An El Nuevo Dia editorial
Every day that goes by and justice is deprived of information that is vital to solve the murder of Carlos Muñiz Varela, committed 35 years ago, is a day lost for democracy and the historic memory of a people who must learn who the assassins were, what institutions sheltered them, and what guarantee exists that an act like that never happens again.
Despite the constant pleas of the family of the murdered youth and the Department of Justice of Puerto Rico, which for years have asked the federal agencies to deliver to the local authorities the inculpatory documents they possess, the Central Intelligence Agency (CIA) has just refused to do so, arguing that it is a matter that’s “still” confidential.
To begin with, the fact that the United States refuses to provide the information it has about an unpunished crime is inconsistent with the effort that itself demands from other nations to assist in the solution of crimes and terrorist attacks.
The assassination of Muñiz Varela, like that of Santiago Mari Pesquera, son of pro-independence leader Juan Mari Bras, had all the characteristics of an attack plotted in the heart of hatred and intolerance.
Two young lives were cut short not only as punishment for their ideas but also in an attempt to terrify the rest of the population and send a message of what might happen to those who held ideas similar to those of the young men who were killed. That is terrorism, in its purest meaning.
It is impossible to say that that stage of political violence in the 1970s, linked to political corruption, has been totally overcome until the facts are clarified and the guilty parties are identified, be they now living or dead.
Some time ago, the documents concerning the assassination of Muñiz Varela, gunned down on April 28, 1979, for promoting tourism trips to Cuba, were partially declassified, which was considered to be a step forward toward the solution of the crime. However, the numerous censored passages prevented the local authorities from going on with their investigation.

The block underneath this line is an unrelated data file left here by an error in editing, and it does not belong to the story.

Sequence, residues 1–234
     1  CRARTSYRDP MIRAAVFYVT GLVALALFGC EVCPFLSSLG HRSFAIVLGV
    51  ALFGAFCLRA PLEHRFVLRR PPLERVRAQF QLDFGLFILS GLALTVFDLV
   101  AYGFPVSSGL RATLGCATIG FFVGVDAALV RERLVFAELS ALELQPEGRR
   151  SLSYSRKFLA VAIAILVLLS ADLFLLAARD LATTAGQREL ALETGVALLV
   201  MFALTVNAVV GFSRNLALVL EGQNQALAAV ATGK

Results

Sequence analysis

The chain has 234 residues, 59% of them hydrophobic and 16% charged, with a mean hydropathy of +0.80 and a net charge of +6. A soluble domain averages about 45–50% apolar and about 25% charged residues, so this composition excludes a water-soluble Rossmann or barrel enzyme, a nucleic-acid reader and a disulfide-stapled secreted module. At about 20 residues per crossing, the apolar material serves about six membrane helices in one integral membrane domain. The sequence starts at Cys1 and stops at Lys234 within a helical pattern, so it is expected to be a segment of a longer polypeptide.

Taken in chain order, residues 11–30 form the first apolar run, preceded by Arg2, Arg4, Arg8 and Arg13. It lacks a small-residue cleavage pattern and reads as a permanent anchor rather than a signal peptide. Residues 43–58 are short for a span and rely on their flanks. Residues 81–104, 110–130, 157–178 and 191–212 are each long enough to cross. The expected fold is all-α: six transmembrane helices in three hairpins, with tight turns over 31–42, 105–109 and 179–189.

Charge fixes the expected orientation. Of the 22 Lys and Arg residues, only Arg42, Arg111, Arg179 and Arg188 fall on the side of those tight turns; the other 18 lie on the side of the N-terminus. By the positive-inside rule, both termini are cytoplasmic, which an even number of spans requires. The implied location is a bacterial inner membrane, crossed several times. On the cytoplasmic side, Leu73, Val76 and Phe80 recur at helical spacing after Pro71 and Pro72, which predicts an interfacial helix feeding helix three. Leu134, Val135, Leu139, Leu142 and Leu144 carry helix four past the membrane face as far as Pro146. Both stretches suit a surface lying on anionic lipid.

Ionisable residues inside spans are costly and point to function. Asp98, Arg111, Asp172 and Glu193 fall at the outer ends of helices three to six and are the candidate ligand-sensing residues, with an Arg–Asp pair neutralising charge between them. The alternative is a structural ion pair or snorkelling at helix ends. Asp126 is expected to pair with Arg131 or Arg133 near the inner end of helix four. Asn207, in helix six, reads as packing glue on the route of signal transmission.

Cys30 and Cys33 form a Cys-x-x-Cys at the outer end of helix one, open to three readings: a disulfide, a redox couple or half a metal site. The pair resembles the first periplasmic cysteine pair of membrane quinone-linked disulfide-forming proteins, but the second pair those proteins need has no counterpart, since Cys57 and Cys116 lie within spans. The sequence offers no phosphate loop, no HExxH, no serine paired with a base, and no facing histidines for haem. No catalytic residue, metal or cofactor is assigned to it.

In the case of Santiago Mari Pesquera, which led to a conviction, there is still the shadow of a conspiracy that has practically been confirmed, inasmuch as his father, Juan Mari Bras, was the target of numerous threats from terrorist groups that attempted not only to eliminate him but also to weaken him through attacks on his loved ones.
It was a dark age, and we shudder at the fact that — when Muñiz Varela was killed and for years afterward — we heard the voices of presumed intellectual authors boasting of the crime and regretting not having killed the young man earlier. That apology of terrorism, which at the time should have been answered with the authorities’ visceral condemnation, went by unnoticed.
If the U.S. intelligence agencies — in this case, the CIA — want other countries to cooperate with data that will help to disband criminal gangs, the first thing they must do is to begin at home and declassify that material, which has sat for 35 years in its archives.
The CIA’s coordinator for matters of Information and Privacy, Michele Meeks, insists in retaining the names and circumstances of the assassins of Muñiz Varela, claiming that they are “under the exemptions of the Freedom of Information Law.”
We must stress that this is not a simple disagreement over some minor information being withheld. It is nothing less than the solution of the assassination of a man whose relatives — mother, sister and son — have suffered through three decades of waiting.
(From the Puerto Rican newspaper El Nuevo Dia)